CHESTERTOWN — The water temperature was 85 degrees Saturday, too warm for the Swim for Life benefit at Rolph’s Wharf Marina to offer the usual six distance options.

The annual event is hosted by the District of Columbia Aquatics Club. Though the swim club is based in Washington, the swim is open to anyone.

The club is a “high-energy swim team and social club whose mission is to promote swimming for fitness, health and wellness and competition for the LGBT community and their allies in a team-oriented, coached setting,” its website states.

DCAC, with nearly 200 members, is one of the largest U.S. Masters Swimming teams in the Potomac Valley region as well as one of the largest — primarily, but not exclusively — LGBT teams in the world, according to its website.

Event organizer Sue Majewski said Swim for Life was established in Provincetown, Mass. in 1988. Founder Joe Steward brought the swim to Maryland in 1991; the first swims were held in Oxford in Talbot County before the venue changed to Rolph’s Wharf.

“The swim benefits two charities that provide services and counseling to people with HIV: Heart to Hand based in Prince George’s County, and Quality of Life Retreats based in Fulton,” Majewski wrote in an email Monday.

Swim for Life additionally benefits ShoreRivers. The environmental group assists the swim with water safety reports, monitors the water quality, lays out the course and positions the buoys as well as provides salads for the post-swim picnic lunch, Majewski said in the email.

Usually the swim features a 1-, 2-, 3-, 4- and 5-mile swim with the option to participate in a 2.4-mile triathlon challenge. Because of the water temperature in the Chester River on Saturday, the 4- and 5-mile swims were not offered. Additionally, swimmers were not permitted to wear wetsuits.

Water quality also was a factor this year. Majewski said about two weeks ago, the river’s water quality was recorded as unsafe to swim by ShoreRivers. The day before the race, however, the water quality was recorded as “well below the recommended EPA levels,” she said.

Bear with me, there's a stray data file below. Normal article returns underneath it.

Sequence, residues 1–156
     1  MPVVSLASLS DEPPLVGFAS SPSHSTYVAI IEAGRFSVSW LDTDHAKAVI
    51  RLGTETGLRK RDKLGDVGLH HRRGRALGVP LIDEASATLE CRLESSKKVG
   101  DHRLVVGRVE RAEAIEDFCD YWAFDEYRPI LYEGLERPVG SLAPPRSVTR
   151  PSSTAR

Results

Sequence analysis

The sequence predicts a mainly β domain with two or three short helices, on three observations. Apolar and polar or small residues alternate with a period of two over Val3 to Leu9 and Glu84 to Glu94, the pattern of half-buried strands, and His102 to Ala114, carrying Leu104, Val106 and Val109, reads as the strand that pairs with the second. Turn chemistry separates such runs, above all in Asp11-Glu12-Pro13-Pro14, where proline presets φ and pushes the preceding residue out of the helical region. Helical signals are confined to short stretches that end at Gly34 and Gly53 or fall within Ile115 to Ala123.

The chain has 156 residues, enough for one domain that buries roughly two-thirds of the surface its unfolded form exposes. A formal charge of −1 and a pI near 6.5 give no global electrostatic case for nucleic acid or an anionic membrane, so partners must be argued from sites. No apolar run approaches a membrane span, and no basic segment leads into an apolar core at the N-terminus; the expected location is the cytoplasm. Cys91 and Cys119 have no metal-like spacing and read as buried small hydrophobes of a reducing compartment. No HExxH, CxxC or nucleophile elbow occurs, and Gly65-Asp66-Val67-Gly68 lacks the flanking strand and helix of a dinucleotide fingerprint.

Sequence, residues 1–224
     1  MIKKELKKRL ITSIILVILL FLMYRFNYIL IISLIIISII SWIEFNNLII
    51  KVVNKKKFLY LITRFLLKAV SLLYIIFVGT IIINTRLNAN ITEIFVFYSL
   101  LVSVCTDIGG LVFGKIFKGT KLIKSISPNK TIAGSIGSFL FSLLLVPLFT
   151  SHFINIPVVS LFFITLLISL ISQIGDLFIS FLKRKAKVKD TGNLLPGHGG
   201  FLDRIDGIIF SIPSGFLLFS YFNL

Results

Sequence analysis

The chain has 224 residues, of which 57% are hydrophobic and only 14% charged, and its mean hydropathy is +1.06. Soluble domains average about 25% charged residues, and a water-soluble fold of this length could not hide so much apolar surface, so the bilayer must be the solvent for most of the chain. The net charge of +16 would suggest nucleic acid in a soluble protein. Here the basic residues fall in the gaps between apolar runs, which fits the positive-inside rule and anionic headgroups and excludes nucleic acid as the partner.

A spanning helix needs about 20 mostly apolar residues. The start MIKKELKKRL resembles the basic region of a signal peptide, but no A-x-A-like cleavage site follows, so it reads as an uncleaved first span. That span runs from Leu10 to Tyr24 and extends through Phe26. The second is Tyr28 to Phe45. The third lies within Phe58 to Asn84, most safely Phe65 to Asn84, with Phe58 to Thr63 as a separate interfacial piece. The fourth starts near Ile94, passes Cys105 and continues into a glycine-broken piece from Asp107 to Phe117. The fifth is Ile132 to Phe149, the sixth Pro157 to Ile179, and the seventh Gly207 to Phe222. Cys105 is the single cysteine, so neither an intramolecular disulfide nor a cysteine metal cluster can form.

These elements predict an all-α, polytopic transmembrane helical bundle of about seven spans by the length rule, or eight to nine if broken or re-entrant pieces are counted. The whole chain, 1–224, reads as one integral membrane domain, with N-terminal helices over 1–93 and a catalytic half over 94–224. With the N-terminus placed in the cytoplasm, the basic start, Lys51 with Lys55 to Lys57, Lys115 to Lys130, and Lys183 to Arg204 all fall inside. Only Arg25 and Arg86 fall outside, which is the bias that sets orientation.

The 128 registered and chipped swimmers were advised to forego the swim if they had open cuts, to take precautions against ear infections and to avoid swallowing water.

This was Majewski’s first year running the show. She was a co-host last year.

Her Swim for Life résumé also includes having participated at all six distances.

For Majewski, the event is more about enjoying the beauty of the Eastern Shore and the Chester River than it is a competitive race — though swimmers do take the race seriously.

“I swim to enjoy the herons, osprey and I hoped to maybe even see a dolphin. So it’s important to have a healthy river,” Majewski said.

Majewski said swimming in the Chester serves as a good introduction to open water swimming. The river is shallow enough that it is easy to get to areas where a swimmer can stand if they need to.

Ingrid Mercer, who has participated in the race five times, said water temperature plays a role in the safety of swimmers in an open water event.

“It would be like running outside when it’s 65 degrees versus 95 degrees,” Mercer said.

In a talk before the start of the swim, safety director Katie Humpfrey advised swimmers to be “aware of themselves and check in with themselves often.” She said while a runner cools themselves during a workout by sweating, swimmers are cooled by the water. When the water temperature is high, swimmers can overheat.

Despite the water temperature, Mercer said she was happy to participate in the swim because it benefits “great causes on a great day.”

She said she “loves this race” and planned to complete the 5-mile swim, but ultimately chose the 3-mile option.

Another factor was the tide, which Majewski said can make swimming frustrating.

On their return leg to Rolph’s Wharf Marina, swimmers were going against the tide. Mercer said swimming in tidal waters can be an adjustment for swimmers who are accustomed to a pool.

As to the “Chester River mustache” of mud that swimmers often acquire after swimming in the river here, Mercer said she usually ends up with a “whole goatee.”

The winners by age group — with times — are listed here.

3 miles

Male, 30 and younger: Ben Spulber, 1:36:47.5

Female, 30 and younger: Laurie Wei, 1:30:09.5

Male, 31 to 45: Christopher DeZago, 1:24:05.6

Female, 31 to 45: Katie Stefl, 1:25:14.9

Male, 46 and older: Craig Dewing, 1:22:59.7

Female, 46 and older: Holly Donnelly, 1:38:45.1

2.4 miles (all ages)

Male: Shane Donovan, 1:11:22.4

Female: Kathleen Brooks, 1:31:51.2

2 miles, all ages

Male: Mike Dowley, 58:11.4

Female: Meredith Stakem, 57:49.0

1 mile, all ages

Male: Dana Connors, 24:20.5

Female: Laura Hanby, 28:34.6

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